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These questions pretty clearly show that God knows the future:

For I know the plans I have for you, declares the Lord, plans for welfare and not for evil, to give you a future and a hope.

Jeremiah 29:11, ESV

When the Spirit of truth comes, he will guide you into all the truth, for he will not speak on his own authority, but whatever he hears he will speak, and he will declare to you the things that are to come.

John 16:13, ESV

Open theism "is the Christian doctrine that the future is not settled but open because God is alive, eternally free, and inexhaustibly creative."

So how do open theists respond to these verses?

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  • I have voted to close this question as its basis is philosophical, not Christian.
    – Nigel J
    2 days ago
  • My guess for John 16:13 would be that open theists would say, "all truth" that Jesus referred to was all truth that existed, whereas if the future of any given point is not yet settled at that point, there is no truth to guide anyone into regarding the unsettled points. Kind of like in John 1:3 and Romans 8:28, "all things" would refer to all things that exist, not things that don't exist. (But I don't speak for open theists.)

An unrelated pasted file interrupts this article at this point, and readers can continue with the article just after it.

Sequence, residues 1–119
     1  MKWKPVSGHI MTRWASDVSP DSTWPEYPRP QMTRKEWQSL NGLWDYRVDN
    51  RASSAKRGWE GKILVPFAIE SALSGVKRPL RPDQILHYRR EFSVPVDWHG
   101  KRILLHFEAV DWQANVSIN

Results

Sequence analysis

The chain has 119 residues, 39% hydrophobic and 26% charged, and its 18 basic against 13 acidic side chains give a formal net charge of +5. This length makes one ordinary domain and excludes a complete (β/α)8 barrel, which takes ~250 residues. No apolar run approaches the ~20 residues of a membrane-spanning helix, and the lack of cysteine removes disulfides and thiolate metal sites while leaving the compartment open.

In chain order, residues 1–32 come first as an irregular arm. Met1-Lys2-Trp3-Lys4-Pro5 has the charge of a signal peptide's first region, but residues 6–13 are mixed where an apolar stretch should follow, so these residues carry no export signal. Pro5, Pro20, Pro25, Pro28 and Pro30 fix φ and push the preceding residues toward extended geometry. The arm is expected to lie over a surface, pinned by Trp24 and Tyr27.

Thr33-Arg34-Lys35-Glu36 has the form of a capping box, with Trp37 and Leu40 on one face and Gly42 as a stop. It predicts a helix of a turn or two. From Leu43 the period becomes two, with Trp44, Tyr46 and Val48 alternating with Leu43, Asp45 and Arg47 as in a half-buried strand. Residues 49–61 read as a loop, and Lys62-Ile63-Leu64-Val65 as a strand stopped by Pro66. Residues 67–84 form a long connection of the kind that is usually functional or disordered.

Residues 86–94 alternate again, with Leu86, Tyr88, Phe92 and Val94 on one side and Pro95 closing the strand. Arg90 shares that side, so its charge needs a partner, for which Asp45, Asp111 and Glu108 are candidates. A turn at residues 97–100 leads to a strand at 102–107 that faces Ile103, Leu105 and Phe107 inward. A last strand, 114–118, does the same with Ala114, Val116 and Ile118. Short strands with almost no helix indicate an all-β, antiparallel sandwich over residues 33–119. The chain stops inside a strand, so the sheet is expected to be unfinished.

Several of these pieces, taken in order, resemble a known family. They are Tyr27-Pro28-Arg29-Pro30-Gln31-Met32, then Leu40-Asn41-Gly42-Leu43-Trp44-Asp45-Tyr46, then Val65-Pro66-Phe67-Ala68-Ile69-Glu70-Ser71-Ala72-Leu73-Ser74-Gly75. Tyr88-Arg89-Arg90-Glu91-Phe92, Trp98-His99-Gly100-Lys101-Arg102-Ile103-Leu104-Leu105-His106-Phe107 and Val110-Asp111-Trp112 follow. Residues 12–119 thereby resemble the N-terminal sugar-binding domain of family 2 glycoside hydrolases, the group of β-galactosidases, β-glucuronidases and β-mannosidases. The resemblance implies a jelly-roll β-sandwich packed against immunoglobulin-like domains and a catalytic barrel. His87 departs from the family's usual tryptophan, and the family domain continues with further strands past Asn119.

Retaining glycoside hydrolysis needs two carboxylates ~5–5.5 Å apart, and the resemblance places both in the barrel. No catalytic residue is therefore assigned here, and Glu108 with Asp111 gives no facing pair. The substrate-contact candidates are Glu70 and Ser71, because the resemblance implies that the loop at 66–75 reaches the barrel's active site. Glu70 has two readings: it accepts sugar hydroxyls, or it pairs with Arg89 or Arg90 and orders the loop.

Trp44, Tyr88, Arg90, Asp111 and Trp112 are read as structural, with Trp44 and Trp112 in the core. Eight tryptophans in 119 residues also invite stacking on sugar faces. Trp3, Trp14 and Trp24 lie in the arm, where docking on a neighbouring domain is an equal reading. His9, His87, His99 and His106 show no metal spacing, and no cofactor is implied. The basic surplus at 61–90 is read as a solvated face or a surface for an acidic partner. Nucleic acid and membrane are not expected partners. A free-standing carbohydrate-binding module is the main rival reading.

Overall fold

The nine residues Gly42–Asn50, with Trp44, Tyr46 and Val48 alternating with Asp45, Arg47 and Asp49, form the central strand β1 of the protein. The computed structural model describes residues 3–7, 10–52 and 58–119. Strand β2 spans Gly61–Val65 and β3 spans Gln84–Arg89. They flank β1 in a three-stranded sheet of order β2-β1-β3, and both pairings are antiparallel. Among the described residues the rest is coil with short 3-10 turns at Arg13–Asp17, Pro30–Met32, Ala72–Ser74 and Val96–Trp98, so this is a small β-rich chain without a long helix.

– LarsH
    2 days ago
  • christianity.stackexchange.com/questions/65481/… also has some relevant info.
    – LarsH
    2 days ago
  • @NigelJ - how do you distinguish between Christian and philosophical questions? For example, aren't questions about the Trinity philosophical as well? 2 days ago
  • @SpiritRealmInvestigator Question regarding the nature of God can only be answered from within the revelation that God has given of himself. Nothing can be known of him other than what he has revealed. Therefore such questions can only ever be a matter of hermeneutical analysis of the written revelation. Which is not 'philosophy'.